California's petroleum industry kicked off a public campaign Wednesday aimed at fending off efforts in Sacramento to scale back in-state oil and natural gas production.
A bipartisan coalition of mostly Central Valley lawmakers joined oilfield workers at an industry-hosted event that presented a list of reasons for permitting oil and natural gas production instead of moving forward with Gov. Gavin Newsom's calls to phase it out.
The effort spearheaded by the California Independent Petroleum Association came as several oil-related initiatives are expected to be put forward soon by the Newsom administration or the state Legislature.
Arguments made Wednesday in favor of preserving and even supporting the industry were summarized in a statement atop a petition, signed by almost 3,000 mostly Central Valley supporters, that CIPA plans to present to the governor:
"Governor Newsom, we urge you to protect quality careers and vital tax funding while ensuring Californians have access to affordable and reliable energy," the petition reads. "By prioritizing locally produced energy that is generated under the toughest environmental protections on the planet, you can maintain California’s climate leadership and protect our economy."
Four oil workers made statements by videotape at an online event CIPA put on for news media. Military veteran and Sentinel Peak Resources employee Javier Zavala said working in oil helped him buy a home, get through college, pay for his wife's doctorate and raise their children.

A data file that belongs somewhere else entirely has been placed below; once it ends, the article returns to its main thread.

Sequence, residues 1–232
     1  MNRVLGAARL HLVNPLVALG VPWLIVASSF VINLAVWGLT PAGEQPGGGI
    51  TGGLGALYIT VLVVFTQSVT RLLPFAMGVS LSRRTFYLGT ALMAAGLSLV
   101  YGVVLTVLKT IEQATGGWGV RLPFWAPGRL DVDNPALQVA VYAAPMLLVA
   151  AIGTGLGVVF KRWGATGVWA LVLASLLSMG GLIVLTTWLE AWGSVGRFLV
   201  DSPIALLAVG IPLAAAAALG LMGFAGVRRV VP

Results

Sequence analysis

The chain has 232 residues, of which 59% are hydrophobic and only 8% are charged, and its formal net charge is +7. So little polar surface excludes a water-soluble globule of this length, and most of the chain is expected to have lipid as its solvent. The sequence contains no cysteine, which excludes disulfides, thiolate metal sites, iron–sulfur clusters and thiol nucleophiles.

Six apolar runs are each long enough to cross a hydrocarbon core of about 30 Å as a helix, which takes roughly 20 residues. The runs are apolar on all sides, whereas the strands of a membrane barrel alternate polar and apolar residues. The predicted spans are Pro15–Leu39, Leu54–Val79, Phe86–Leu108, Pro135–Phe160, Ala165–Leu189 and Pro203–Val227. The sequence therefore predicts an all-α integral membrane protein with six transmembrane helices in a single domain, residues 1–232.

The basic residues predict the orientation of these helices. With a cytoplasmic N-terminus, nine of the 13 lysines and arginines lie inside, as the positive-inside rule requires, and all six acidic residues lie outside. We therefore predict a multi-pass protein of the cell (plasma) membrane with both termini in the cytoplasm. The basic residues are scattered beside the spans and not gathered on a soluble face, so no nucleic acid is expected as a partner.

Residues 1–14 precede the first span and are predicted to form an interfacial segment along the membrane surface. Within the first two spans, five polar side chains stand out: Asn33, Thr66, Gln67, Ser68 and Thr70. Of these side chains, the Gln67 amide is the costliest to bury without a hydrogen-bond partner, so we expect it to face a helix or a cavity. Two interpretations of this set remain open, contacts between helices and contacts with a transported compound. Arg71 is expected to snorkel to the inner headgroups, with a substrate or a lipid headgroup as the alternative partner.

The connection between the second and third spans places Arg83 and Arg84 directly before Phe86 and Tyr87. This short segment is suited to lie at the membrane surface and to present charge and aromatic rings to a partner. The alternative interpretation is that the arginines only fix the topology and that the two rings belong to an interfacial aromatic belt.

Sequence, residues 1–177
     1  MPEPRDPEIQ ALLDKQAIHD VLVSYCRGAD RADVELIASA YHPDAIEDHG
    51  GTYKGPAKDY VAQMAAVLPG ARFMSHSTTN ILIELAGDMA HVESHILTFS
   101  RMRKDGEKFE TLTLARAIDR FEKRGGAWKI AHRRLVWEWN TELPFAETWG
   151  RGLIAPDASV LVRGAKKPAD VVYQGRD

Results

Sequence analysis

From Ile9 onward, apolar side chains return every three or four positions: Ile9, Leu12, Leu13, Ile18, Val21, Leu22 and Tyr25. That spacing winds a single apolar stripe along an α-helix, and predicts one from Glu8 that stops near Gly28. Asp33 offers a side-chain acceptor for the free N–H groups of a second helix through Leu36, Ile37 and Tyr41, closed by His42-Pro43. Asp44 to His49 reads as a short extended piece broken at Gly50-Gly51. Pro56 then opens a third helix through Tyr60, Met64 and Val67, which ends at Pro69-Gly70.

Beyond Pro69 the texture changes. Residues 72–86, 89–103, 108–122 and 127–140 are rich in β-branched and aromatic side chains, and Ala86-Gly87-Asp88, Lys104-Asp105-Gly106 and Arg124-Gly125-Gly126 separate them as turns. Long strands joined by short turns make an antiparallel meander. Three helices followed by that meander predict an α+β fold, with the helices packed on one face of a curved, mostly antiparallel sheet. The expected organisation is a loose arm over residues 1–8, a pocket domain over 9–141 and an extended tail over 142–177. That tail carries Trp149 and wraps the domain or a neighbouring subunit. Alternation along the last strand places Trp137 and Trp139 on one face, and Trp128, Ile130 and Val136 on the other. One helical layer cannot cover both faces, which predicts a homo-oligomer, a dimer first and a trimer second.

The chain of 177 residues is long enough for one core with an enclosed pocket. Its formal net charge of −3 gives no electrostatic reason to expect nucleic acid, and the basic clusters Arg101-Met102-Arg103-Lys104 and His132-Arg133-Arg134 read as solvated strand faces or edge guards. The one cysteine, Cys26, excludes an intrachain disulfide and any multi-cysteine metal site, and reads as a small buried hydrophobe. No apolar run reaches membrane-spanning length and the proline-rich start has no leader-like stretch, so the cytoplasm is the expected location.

"I've been able to provide for my family thanks to a great career in oil and gas," he said.
Anti-oil sentiment has spread quickly in California as climate-change and anti-pollution activists work with environmental justice workers to pressure politicians to crack down on in-state oil production or eliminate it altogether. They worry about risks to air and groundwater quality as well as global warming.
A bill to ban the controversial oilfield technique known as fracking is being drafted, as is an administrative plan to create a standard buffer zone between petroleum operations and sensitive areas like homes and schools.
The governor has also proposed adding more than two dozen oil regulators this year, and his administration continues to work on an overdue report expected to explain how the state will achieve its goal of carbon neutrality by 2045 without decimating areas like Kern that rely on petroleum production for jobs and government revenues.
These efforts follow Newsom's moves to tighten industry oversight and placed a moratorium on a controversial technology called cyclic steaming that had been commonly used in Kern.
State representatives who spoke at CIPA's event raised concerns spanning personal and regional economies. None of their arguments were new but some have not been fully addressed in public by the governor or the environmental groups he often hears from.
Assemblywoman Sharon Quirk-Silva, D-Fullerton, said she's concerned about climate change and environmental quality, just as she's sensitive to the cost of transportation fuels and electricity — a reference to the push to reduce the state power grid's environmental footprint.